The Independent was also supportive of reform in its editorial, but more astonishing was the support from the Mirror and the Sun. For decades tabloid newspapers have held great power over politics, and there's no public policy area more vulnerable to the power of the press than drugs.

The media storm about mephedrone in 2010 was typical of the relationship between the newspapers and politicians. It was composed of misinformation, shameless scaremongering and politicians dancing to the media tune. If the evidence had been considered, interesting observations could have been made. I spoke to many cocaine users who switched to the new drug. The presence of this competing dopamine stimulant is the only thing that has reduced cocaine consumption since the drug war began. Police intelligence was clear on this at the time. Cocaine deaths went down, probably because it is "a more harmful drug [than mephedrone]"

The reform movement has grown quietly online and the political movement has gathered strength through the new media. Grassroots organisations like the UK Cannabis Social Clubs and NORML UK have ensured that those groups that have been previously marginalised by society have found their voices. Transform, the Beckley Foundation and Release all deserve mention. The organisation that I represent, Law Enforcement Against Prohibition (Leap) – with a large global presence – has been a part of the ongoing evolution across the pond. It's a unique voice that's helped ease through the reforms in Colorado and Washington state.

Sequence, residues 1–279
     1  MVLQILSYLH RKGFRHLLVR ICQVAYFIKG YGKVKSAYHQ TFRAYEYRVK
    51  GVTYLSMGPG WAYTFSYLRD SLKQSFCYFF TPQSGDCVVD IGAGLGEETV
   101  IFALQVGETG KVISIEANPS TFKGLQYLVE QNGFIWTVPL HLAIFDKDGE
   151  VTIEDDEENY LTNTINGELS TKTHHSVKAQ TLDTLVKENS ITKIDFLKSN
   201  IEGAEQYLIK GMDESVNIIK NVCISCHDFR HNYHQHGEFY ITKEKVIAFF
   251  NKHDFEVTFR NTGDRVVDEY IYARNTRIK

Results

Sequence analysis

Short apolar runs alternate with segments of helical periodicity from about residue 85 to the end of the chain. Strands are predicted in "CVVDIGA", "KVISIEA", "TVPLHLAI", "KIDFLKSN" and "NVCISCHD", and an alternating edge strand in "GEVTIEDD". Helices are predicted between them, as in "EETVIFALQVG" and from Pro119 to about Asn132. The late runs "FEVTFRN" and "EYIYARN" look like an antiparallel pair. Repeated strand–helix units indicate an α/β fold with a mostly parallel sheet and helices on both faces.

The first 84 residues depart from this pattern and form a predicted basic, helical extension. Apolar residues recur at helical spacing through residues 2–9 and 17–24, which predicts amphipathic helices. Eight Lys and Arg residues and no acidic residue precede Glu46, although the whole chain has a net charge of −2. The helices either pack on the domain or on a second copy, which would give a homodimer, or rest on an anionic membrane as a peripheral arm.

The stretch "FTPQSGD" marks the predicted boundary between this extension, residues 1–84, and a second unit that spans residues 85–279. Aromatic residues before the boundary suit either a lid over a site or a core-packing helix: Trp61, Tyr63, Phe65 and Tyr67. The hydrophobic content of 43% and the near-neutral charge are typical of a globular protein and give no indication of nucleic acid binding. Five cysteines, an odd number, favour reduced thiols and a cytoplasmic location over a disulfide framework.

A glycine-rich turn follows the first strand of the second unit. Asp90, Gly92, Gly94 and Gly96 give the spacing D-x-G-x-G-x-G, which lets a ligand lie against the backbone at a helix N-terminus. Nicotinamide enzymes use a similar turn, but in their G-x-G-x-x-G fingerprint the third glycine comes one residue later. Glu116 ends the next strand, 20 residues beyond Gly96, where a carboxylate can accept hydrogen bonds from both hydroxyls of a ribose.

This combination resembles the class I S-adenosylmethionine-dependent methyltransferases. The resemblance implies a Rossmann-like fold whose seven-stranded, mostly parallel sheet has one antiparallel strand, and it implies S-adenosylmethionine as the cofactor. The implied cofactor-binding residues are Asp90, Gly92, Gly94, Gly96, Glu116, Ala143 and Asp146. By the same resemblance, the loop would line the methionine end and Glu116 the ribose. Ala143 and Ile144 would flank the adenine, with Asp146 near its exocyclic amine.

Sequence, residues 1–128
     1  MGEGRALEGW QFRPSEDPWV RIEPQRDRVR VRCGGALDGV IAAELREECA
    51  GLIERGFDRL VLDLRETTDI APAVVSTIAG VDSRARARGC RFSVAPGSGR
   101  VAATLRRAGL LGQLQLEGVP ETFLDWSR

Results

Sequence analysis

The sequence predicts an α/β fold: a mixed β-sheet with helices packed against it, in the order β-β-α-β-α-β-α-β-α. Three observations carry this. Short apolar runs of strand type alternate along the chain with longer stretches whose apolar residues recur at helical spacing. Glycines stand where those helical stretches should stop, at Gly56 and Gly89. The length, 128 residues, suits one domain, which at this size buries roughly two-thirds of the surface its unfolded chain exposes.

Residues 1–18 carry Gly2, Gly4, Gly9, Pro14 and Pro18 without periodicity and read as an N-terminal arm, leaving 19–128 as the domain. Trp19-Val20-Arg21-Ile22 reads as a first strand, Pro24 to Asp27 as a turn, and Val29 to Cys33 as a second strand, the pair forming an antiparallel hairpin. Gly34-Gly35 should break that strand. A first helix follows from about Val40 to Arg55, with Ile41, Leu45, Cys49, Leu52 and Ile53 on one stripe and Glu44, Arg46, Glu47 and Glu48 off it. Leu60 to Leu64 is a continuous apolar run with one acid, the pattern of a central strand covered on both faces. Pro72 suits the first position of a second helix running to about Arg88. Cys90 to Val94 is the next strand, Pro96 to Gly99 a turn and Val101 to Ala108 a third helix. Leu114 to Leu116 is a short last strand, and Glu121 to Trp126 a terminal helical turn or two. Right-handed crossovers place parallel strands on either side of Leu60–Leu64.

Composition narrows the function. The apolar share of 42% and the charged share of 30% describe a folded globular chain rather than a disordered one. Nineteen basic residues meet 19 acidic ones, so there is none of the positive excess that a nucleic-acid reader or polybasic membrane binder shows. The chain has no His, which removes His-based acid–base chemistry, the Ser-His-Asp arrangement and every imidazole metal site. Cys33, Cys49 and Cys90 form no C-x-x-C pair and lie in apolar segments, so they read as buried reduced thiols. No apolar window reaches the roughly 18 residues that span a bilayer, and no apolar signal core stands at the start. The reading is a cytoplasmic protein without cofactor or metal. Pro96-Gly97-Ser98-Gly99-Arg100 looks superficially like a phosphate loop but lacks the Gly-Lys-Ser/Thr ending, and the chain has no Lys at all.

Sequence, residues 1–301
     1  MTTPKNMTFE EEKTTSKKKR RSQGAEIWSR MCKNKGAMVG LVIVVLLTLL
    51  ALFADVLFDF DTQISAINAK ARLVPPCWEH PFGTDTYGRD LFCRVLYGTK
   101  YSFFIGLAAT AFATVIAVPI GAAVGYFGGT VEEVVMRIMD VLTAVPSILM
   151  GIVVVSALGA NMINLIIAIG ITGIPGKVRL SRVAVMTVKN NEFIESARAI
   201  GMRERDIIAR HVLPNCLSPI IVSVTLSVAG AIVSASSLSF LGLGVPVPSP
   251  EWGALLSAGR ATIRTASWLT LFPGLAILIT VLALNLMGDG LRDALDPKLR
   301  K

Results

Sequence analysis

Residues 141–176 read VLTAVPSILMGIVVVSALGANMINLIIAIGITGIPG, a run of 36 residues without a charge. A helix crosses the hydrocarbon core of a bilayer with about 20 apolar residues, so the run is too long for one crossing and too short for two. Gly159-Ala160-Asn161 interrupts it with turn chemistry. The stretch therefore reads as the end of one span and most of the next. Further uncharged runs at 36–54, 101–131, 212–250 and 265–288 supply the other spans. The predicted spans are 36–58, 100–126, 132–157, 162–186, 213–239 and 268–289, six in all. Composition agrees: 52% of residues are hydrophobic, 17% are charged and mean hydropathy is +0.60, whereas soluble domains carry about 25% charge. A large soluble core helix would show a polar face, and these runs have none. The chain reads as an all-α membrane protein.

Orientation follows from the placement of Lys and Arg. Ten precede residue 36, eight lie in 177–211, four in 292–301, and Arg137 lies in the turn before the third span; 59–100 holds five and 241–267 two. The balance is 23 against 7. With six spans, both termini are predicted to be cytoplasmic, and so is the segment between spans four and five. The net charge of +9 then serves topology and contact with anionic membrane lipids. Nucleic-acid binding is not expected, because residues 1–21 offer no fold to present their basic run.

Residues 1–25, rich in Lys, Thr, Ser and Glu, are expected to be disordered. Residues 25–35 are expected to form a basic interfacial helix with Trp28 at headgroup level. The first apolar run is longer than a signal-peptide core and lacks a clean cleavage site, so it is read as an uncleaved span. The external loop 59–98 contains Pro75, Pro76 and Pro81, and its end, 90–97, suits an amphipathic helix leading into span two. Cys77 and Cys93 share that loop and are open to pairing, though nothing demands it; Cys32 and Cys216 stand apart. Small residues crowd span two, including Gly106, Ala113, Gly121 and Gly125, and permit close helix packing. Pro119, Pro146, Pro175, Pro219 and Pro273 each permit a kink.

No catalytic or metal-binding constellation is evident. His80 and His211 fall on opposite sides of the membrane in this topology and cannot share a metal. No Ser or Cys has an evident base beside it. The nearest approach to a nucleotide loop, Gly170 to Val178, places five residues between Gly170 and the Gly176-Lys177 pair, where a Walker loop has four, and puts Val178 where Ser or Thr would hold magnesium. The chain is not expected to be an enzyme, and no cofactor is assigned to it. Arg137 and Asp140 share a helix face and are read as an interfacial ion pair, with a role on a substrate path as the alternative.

Despite the significant shift in the stance of the newspapers, and the obvious swelling of public opinion towards the reform view, the two biggest parties remain seemingly unaware of the change. As we saw in the debate, there are caring individuals from each party committed to reform, but they're likely to be a minority for a while yet. The two parties eye each other like participants in an uncomfortable game of blink, looking for any weakness in the other's stance.

The line in the sand dividing the two sides of the drugs debate has always been a startling one. After the debate on Thursday it suddenly feels a lot less lonely on this side of the line.

We must look to disrupt gangs and cartels; we must breakup the strange coalition of opposition that exists between politicians and organised crime – both of whom are in of fear reform. As my experience in undercover drugs policing tells us, we have to use all available intelligence if we're to be successful in our commitment to reducing harm.

Neil Woods was an undercover drugs police officer from 1993 – 2007 with an estimated 1,000 years of prosecutions to his record. He is now a member of Law Enforcement Against Prohibition, Leap, and board member of Leap UK.